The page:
The Iberian Peninsula in Europe has been experiencing accelerated warming in the past century, and the Pyrenees were not spared.

The Pyrenees are not spared from climate change. Image credits: lotokoto / Pixabay.

If you want to see climate change in action in a civilized place (as opposed to the Arctic wilderness), Spain is the place to go. Spain has been hot since the end of the ice age, but in recent decades, it’s getting hotter and hotter. In the past three decades alone, temperatures have risen by 2.5 °C in Spain, surpassing the European average of 0.95°C. However, warming doesn’t happen in a uniform fashion, and researchers wanted to see how the country’s northern mountains are affected.

A team from Rovira i Virgili University’s Centre for Climate Change collected hundreds of climate series from meteorological observatories on the southern side of the Central Pyrenees, covering a period from 1910 to 2013; it’s the most extensive such study ever carried out in the area. The findings show a worrying trend of rising temperatures, at about 0.11 °C per decade.

“However this change is particularly marked in the most recent period (1970 to 2013), when maximum temperature rose by over half a degree per decade (0.57 °C per decade),” Núria Pérez-Zanón, the lead author of the study, said.

The data were calibrated, evaluated, and processed to eliminate any bias not related to climate change.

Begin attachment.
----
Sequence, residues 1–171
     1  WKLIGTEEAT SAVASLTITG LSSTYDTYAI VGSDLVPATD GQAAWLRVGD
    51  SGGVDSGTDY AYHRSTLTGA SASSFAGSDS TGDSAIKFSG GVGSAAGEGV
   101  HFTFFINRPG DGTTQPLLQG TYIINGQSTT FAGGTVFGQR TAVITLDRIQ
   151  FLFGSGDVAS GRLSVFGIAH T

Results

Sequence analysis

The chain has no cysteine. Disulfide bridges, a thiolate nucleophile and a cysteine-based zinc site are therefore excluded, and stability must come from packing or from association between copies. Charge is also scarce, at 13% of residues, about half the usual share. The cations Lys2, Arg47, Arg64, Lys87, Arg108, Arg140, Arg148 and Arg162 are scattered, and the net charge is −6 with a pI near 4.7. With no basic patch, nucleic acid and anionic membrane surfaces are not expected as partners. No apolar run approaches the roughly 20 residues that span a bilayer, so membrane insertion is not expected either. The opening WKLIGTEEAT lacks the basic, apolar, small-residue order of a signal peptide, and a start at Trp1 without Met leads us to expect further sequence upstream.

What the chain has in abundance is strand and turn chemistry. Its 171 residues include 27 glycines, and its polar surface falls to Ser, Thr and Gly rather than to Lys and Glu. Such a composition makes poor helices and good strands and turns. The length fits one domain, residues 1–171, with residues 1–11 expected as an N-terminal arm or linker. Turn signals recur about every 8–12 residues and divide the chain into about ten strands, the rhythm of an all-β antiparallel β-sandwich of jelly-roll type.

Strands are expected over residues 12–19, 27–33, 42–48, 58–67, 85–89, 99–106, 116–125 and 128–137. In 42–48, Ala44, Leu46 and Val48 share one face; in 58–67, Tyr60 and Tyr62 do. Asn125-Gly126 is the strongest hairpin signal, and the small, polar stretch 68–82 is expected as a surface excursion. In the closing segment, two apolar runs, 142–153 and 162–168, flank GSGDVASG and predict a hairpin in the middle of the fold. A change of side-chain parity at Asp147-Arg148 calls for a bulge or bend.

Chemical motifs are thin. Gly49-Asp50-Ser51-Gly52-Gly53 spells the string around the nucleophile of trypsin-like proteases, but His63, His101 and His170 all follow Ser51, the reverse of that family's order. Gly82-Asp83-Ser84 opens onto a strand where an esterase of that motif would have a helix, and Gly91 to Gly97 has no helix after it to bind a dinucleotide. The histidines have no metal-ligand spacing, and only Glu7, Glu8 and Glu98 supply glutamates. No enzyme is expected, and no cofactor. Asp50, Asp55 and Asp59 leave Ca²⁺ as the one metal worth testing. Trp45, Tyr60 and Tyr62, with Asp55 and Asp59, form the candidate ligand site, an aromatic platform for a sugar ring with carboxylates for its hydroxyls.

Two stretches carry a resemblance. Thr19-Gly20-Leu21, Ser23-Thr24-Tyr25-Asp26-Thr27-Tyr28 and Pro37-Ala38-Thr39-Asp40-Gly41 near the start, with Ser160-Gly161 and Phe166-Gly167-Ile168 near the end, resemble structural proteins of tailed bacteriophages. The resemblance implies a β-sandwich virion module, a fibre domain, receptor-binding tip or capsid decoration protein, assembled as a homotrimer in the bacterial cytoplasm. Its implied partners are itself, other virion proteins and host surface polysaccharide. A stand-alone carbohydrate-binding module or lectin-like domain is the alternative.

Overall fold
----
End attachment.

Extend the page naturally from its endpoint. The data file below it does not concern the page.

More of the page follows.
“Individual series were subject to strict daily and monthly quality control to detect anomalous values, as well as homogeneity adjustments to minimise bias introduced by non-climate-related changes, such as location, modifications to the surroundings, or the equipment itself,” says Pérez-Zanón.

Of course, this type of change carries a cascade of effects. Between 1950 and 2013, the percentage of hot years doubled, while the percentage of cold years decreased by half. This seems to be accentuating more and more in recent times, with 18 of the past 20 years being classified as ‘hot.’ Scientists also showed that both the minimum and the maximum temperatures have been going up. Researchers also tried to see if there was any correlation between the temperatures and the precipitations. A decrease was observed, but it wasn’t significant enough to draw any definitive conclusions.

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Overall, the conclusions are pretty clear. We knew that climate change was happening, we knew that it was even worse than average in Spain and the Pyrenees. Sometimes, mountain areas are somewhat shielded from climate change due to their own microclimate, but this isn’t the case here.

Journal Reference: Pérez-Zanón, Núria; Sigro, Javier; Ashcroft, Linden. “Temperature and precipitation regional climate series over the central Pyrenees during 1910-2013” International Journal of Climatology 37 (4): 1922-1937 DOI: 10.1002/joc.4823 March 30th 2017.

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